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4:58 pm
Mon May 7, 2012

As Texas Cuts Funds, Planned Parenthood Fights Back

Originally published on Tue May 8, 2012 8:26 am

Texas Republicans have been trying to figure out a way to defund Planned Parenthood since they captured both legislative bodies and the governor's office in 2002.

Now, the efforts of Gov. Rick Perry and his anti-abortion allies to strip the organization of state funding have led to a legal tussle in federal court.

For Republican politicians in Texas, like Rep. Sid Miller, opposition to the reproductive health organization is a badge of honor.

"In the last budget, I transferred $21 million away from Planned Parenthood," says Miller, who represents a rural Texas district southwest of Fort Worth. "We believe it's inherently wrong to use taxpayer dollars to fund an organization that performs abortions."

None of the dozens of clinics that will lose state funds actually perform abortions. It is already against state and federal law for clinics that perform abortions to receive taxpayer dollars.

But Texas is going a step further, with a law that eliminates funding for women's health clinics that either associate with abortion providers or advocate for abortion rights.

Planned Parenthood has filed a lawsuit in federal court, claiming these new Texas rules violate the organization's constitutional rights to free association and free speech.

Miller disagrees. "I don't see how any of that even correlates," he says. "We're not stopping them from doing whatever they want to do. They're still free to service women however they want to. We're just saying, 'You're not going to do it with taxpayer dollars.' "

Texas already cut its support statewide for women's health clinics by two-thirds in 2011, eliminating access to family planning services for nearly 300,000 poor and working-class women.

The Texas Legislative Budget Board estimates those cuts will result in roughly 20,000 additional unplanned births. Texas currently ranks first among the states in spending on teen births.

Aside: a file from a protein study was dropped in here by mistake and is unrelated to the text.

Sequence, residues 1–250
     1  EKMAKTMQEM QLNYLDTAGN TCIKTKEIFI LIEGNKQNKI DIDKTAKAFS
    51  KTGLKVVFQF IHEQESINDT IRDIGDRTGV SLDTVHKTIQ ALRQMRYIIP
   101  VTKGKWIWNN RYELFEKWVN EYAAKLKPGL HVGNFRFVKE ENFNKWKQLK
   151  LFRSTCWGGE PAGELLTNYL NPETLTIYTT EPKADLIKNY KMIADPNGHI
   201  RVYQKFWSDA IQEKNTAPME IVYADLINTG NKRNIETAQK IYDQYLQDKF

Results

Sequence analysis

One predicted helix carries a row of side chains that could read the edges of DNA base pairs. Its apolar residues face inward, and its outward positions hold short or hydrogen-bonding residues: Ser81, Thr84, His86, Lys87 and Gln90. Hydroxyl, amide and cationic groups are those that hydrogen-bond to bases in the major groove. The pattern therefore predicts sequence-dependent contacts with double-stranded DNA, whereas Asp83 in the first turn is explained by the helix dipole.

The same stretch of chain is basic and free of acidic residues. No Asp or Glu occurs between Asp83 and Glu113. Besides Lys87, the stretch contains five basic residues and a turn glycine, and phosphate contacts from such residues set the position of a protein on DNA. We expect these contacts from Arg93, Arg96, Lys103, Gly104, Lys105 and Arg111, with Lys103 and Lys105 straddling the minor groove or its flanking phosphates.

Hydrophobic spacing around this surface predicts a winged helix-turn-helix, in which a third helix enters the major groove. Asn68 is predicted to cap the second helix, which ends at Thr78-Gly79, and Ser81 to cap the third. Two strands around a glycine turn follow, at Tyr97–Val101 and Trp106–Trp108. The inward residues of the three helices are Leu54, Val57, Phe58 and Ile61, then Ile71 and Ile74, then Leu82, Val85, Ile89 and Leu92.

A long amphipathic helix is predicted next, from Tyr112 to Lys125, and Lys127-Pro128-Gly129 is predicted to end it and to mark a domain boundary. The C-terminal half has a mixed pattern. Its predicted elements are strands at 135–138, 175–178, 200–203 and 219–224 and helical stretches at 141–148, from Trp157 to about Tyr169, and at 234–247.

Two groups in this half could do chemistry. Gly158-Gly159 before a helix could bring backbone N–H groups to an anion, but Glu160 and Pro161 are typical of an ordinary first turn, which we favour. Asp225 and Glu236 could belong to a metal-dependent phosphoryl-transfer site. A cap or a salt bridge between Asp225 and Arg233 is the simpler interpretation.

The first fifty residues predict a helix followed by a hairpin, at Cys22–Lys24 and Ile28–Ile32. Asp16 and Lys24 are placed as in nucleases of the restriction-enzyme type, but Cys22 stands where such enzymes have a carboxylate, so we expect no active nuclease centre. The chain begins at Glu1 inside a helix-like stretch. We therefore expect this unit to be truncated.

But for abortion opponents, the issue is not about money but about keeping Planned Parenthood out of the Texas Women's Health Program, which provides services to low-income women.

"In essence, the rule bars being Planned Parenthood and being in this program," says Helene Krasnoff, a Planned Parenthood lawyer. "It bars it in numerous ways: Because we advocate to protect women's access to safe and legal abortion. It bars it because we associate with entities that engage in that conduct. It bars you from having any relationship with any provider of abortion services."

Essentially, Krasnoff says, "You can't be connected with comprehensive reproductive health care" without running afoul of the law.

Krasnoff says those stipulations go too far. And, she argues, Planned Parenthood's speech and associations have nothing to do with the quality of the health care provided at its clinics. "The government can tell an entity what it can do with government funds," Krasnoff says. "The government can set the rule for its own programs. But it can't disqualify you from the program based on constitutionally protected conduct that you do outside that government program."

Last Monday, U.S. District Judge Lee Yeakel ruled that Planned Parenthood's claim — that the state of Texas is violating its constitutional rights — was likely to succeed. Yeakel issued an injunction stopping Texas' defunding until he can schedule a trial and hear arguments.

The state has appealed, and the matter is now before the 5th Circuit Court of Appeals. Oral arguments will be heard the first week of June.

Copyright 2012 National Public Radio. To see more, visit http://www.npr.org/.

Transcript

MELISSA BLOCK, HOST: